County dumps proposed ordinance to ban backpacks at protests

CLV councilman says Metro will recommend to mayor a repeal of its ban

backpacks tho
Protestors hold signs - and some wear backpacks - outside the Container Park in Downtown Las Vegas condemning police brutality May 31. (Photo by Jeniffer Solis)

After receiving pushback from the community, the Clark County Commission isn’t moving forward with a proposed ordinance that would have banned larger backpacks and strollers at protests. 

“The ordinance that was introduced as an emergency measure will not be heard,” county spokesman Dan Kulin said in an email. The commission had originally scheduled to discuss the proposal at its Tuesday meeting.

Following protests against police brutality and ongoing demand for police accountability and reform, commissioners held an emergency meeting June 2 in order to discuss an ordinance to prohibit items like larger backpacks and strollers at protests. 

Commission Chair Marilyn Kirkpatrick, who said she had been thinking about the idea since February, was unavailable for comment Monday. 

At the meeting, Las Vegas Metropolitan Police Department lobbyist and police director Chuck Callaway cited concerns that protesters would carry rocks, frozen bottles and other projectiles in their backpacks in order to throw those items at the police.

Nevada Current reached out to the Las Vegas Metropolitan Police Department for comment on Friday and again on Monday, but they deferred to the county and declined to provide an additional comment. 

Last week, Kirkpatrick met with people from the community to get further input on the ordinance.

Laura Martin, the executive director of the Progressive Leadership Alliance of Nevada who attended the meeting, said the county’s willingness to meet with people and address their concerns is a stark difference from the City of Las Vegas, which unanimously passed a similar ordinance June 2 without public comment.

“I feel that (Commissioner Kirkpatrick) is always open to feedback and criticism,” Martin said. County officials “are willing to listen instead of just ramming something through.”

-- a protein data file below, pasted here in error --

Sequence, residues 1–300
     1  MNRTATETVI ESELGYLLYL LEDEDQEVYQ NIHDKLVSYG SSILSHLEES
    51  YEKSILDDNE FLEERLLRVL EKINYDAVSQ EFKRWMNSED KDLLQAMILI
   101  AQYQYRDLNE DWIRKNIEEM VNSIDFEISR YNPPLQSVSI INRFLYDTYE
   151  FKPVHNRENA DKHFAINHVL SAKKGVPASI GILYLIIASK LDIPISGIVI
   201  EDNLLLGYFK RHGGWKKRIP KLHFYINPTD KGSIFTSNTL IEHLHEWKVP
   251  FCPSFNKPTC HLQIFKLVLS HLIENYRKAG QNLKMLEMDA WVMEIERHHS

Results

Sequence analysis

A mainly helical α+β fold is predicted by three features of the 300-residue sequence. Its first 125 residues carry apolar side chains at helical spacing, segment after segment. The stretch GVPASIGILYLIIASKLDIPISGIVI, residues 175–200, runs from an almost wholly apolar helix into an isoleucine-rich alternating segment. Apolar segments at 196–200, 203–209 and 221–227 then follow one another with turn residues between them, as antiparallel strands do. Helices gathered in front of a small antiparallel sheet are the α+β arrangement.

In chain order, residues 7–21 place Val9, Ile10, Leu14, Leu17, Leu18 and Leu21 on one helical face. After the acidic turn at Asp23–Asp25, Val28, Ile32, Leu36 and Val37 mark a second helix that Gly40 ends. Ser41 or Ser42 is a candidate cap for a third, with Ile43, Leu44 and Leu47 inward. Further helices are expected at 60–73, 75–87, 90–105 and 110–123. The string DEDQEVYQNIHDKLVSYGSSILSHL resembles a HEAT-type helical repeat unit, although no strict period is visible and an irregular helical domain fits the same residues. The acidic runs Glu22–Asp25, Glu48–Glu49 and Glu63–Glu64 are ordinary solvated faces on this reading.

On Monday evening, City Councilman Brian Knudsen told the Current Metro is expected to make a recommendation to the mayor to consider a repeal.

“I’m in support of repealing it because at this point it has done more harm than good,” he said.

Martin didn’t understand the rationale behind limiting backpacks. 

“We are a desert town. If someone wants to throw a rock, they can bend over and pick up a rock,” Martin said. 

The ordinance, she added, has the potential of harming people who are carrying bags but just walking by or near protests. 

“You’ve seen videos of people just walking by at protests and officers grabbing them,” Martin said. “This ordinance casts too wide of a net and could potentially ensnare people who do not want to cause violence.”

Martin and others have noted that no proposals or restrictions were suggested when people with high-powered assault rifles gathered outside Gov. Steve Sisolak’s mansion and the Grant Sawyer State Office building to speak out against restrictions put in place to limit the spread of Covid-19. 

Michael Lyle
Michael Lyle (MJ to some) has been a journalist in Las Vegas for eight years.  He started his career at View Neighborhood News, the community edition of the Las Vegas Review-Journal. During his seven years with the R-J, he won several first place awards from the Nevada Press Association and was named its 2011 Journalist of Merit. He left the paper in 2017 and spent a year as a freelance journalist accumulating bylines anywhere from The Washington Post to Desert Companion. While he covers a range of topics from homelessness to the criminal justice system, he gravitates toward stories about race relations and LGBTQ issues. Born and mostly raised in Las Vegas, Lyle graduated from UNLV with a degree in Journalism and Media Studies. He is currently working on his master's in Communications through an online program at Syracuse University. In his spare time, Lyle cooks through Ina Garten recipes in hopes of one day becoming the successor to the Barefoot Contessa throne. When he isn’t cooking (or eating), he also enjoys reading, running and re-watching episodes of “Parks and Recreation.” He is also in the process of learning kickboxing.